This was done and the parts sent to NZ.
Frame No. 396 (dated as 1920), Engine No. 1660 (which is a Model E3 dated as 1922) only difference is the barrel and inlet manifold, 220cc desaxe cylinder with one piece crank and mechanical geared oil pump (Velocette patent). The gearbox is 2-speed which denotes it as a D2 Model. Bore and stroke 62mm x 73mm) Price in UK 1920 – 70 guineas.
It’s original Registration Number in the UK was EU1100.
Around 2008 Pete decided it was time to start assembling the parts .He stripped the motor and found nothing wrong, so re-assembled it. As it had no rims, Pete got hold of some BSA Bantam rims and tyres and these were built and painted. He purchased replica running boards and handlebars from the Velocette Owners Club in the UK. So, by later that year the little bike was on it’s wheels and sat there for some years.
Pete and I keep in contact every few weeks and on one of the telephone conversations I said that I would be interested in a vintage/veteran Velo.
Fast forward to October 2015 and Pete said he was selling the Veloce and the D2 and was I interested in one of them, which I replied I definitely was. So a couple of weeks later I took the trailer up to Pete’s place for a viewing, in anticipation of a purchase.
My father had left me an inheritance. He was always keen on bikes and used a BSA Bantam to get to and from work for many years in the 1950/60’s. This was typical for most working class families in the UK. So I felt that he would be pleased to know that I used it to purchase a bike.
Anyhow at Pete’s I made the decision to purchase both Velo’s(the 1913 Veloce and the 1920 D2) and these were put on the trailer and taken home to Tauranga. Also at this time a brass acetylene headlight, owned by Roy White was purchased.
As the D2 was pretty much complete I tried to start it as Pete never had. The CAV magneto put out such weak spark, that I decided to get it rebuilt so off it went to the Maddocks.
An email was sent to Dave Masters in the UK, who is the guru on Velocette Models and has written a few books on the subject. He sent me several photos and information about my bike.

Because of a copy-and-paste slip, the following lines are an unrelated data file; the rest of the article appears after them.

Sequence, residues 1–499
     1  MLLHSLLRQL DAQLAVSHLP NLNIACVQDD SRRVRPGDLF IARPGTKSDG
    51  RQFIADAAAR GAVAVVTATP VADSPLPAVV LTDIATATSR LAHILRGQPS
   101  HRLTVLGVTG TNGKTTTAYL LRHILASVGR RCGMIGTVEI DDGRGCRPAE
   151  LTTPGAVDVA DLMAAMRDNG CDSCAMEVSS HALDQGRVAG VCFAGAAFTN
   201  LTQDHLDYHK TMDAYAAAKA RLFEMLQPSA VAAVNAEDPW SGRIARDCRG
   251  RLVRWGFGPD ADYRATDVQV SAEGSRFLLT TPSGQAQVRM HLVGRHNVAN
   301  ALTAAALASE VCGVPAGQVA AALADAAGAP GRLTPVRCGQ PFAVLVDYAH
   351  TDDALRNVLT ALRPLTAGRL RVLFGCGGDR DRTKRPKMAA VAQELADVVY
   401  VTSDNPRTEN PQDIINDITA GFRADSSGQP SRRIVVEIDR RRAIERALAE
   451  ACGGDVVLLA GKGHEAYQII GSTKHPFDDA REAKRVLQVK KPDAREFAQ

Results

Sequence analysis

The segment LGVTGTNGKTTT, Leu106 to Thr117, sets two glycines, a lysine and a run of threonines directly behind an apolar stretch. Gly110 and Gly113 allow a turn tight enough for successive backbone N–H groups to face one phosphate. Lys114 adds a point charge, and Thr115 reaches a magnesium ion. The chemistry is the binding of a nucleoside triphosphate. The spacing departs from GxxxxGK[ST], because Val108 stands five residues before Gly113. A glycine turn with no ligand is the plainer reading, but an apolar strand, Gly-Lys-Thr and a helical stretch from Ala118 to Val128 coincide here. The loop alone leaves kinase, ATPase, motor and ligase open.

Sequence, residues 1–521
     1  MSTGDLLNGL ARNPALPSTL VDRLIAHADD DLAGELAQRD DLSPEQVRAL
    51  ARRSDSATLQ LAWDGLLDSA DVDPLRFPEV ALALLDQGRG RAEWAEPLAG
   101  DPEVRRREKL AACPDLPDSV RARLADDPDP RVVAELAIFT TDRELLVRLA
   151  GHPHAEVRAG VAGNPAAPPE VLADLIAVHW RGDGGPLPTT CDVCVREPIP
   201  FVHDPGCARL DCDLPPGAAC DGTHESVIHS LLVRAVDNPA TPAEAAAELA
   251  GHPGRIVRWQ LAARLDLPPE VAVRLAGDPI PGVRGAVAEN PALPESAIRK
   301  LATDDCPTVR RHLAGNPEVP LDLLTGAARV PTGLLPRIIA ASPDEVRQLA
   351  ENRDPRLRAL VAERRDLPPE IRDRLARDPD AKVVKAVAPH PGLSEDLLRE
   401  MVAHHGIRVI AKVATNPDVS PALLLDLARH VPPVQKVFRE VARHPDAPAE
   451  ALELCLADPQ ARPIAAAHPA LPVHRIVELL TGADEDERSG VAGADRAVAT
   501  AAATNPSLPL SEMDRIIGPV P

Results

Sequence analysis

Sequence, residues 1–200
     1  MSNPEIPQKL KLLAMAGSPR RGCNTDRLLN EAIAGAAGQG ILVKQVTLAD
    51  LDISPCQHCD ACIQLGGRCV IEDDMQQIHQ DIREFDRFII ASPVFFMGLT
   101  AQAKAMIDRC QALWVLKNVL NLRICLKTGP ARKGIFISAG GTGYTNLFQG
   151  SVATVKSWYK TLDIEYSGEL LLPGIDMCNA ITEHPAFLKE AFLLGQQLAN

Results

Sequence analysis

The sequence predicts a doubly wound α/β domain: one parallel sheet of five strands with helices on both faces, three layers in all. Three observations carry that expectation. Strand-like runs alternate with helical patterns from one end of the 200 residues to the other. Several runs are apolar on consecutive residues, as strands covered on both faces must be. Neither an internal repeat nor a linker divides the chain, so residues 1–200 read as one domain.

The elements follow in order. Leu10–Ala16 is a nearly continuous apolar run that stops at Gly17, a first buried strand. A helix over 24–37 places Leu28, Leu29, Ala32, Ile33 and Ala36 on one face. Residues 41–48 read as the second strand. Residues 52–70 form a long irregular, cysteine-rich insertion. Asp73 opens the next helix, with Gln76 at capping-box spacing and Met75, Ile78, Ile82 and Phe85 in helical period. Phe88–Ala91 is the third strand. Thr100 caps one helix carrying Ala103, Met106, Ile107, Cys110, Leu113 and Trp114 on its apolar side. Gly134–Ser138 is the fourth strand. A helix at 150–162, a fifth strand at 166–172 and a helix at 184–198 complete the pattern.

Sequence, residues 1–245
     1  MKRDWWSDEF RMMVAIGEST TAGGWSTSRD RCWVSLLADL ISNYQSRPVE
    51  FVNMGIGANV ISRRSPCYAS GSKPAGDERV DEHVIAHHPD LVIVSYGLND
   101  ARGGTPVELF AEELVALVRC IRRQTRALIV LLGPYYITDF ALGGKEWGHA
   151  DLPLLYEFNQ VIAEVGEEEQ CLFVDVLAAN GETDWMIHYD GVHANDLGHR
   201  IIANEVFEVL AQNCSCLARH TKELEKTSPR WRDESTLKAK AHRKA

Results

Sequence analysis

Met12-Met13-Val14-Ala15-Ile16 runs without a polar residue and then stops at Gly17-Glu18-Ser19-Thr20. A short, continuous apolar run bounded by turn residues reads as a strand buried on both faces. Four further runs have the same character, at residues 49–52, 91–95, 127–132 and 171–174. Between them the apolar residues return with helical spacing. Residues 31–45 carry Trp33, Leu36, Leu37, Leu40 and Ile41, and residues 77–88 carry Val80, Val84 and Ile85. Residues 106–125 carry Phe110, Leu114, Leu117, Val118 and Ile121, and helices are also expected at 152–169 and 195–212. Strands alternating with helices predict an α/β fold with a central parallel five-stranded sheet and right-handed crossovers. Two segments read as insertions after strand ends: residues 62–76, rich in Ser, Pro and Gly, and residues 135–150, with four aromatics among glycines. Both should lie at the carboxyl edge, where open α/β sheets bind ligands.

The front mudguard was modified to accommodate the stirrup brake, and a flame trap was made for the carburettor. Ian Martin, a close friend undertook this work for me.
The reverse levers that came with the bike, were fitted and new cables made. The front stirrup brake was a bit of a head scratcher for me as it wasn’t all there and I wasn’t sure how I was going to get it to return on its own, but the end I sussed it out and maybe I should patent it :-0
A visit was organised to see David Robertson’s D2 in Palmerston North. He has a very original D2 dating from 1921. He is the second owner of the bike and has all of the original documentation from when it was imported. The major difference between the bikes is the front brake. Dave’s had a drum brake and mine has a stirrup brake.
I took several photo’s of his bike in order to make mine more original.
As the armature was a bit different from the ‘norm’, that get rewound. It took a few weeks before I got it back, during which time I decided to completely strip, sandblast and paint tank, frame, mudguards, handlebars. Zinc plated a few parts, and made up the covers for the fork oil points. Also a brass ‘oil‘ dipstick was made for the fork headstock. All this was done and as soon as the magneto was back it was all reassembled.
Handlebars rubbers were purchased from ‘British Only’ in Austria. Brake blocks for the stirrup brake bought off Trademe and a new plug from the UK.
It fired up in March 2016.
A 2-person picnic wicker basket was purchased off Trademe and has now been fitted to the bike.
An acetylene generator was also found on Trademe and purchased. Many hours of panel beating pursued until it was in an acceptable state. The brass headlight was also panel beaten, and will be fitted once I have made the headlight brackets. I will leave them as brass, rather than have them nickled-plated, as they fit in with the brass hooter I purchased from Oz.
The major part still to be sourced is a leather toolbag which sits behind the rear downtube. I expect I will have to get this made.
Thank you Pete for trusting us to be the new custodians of The Velocette Model D2.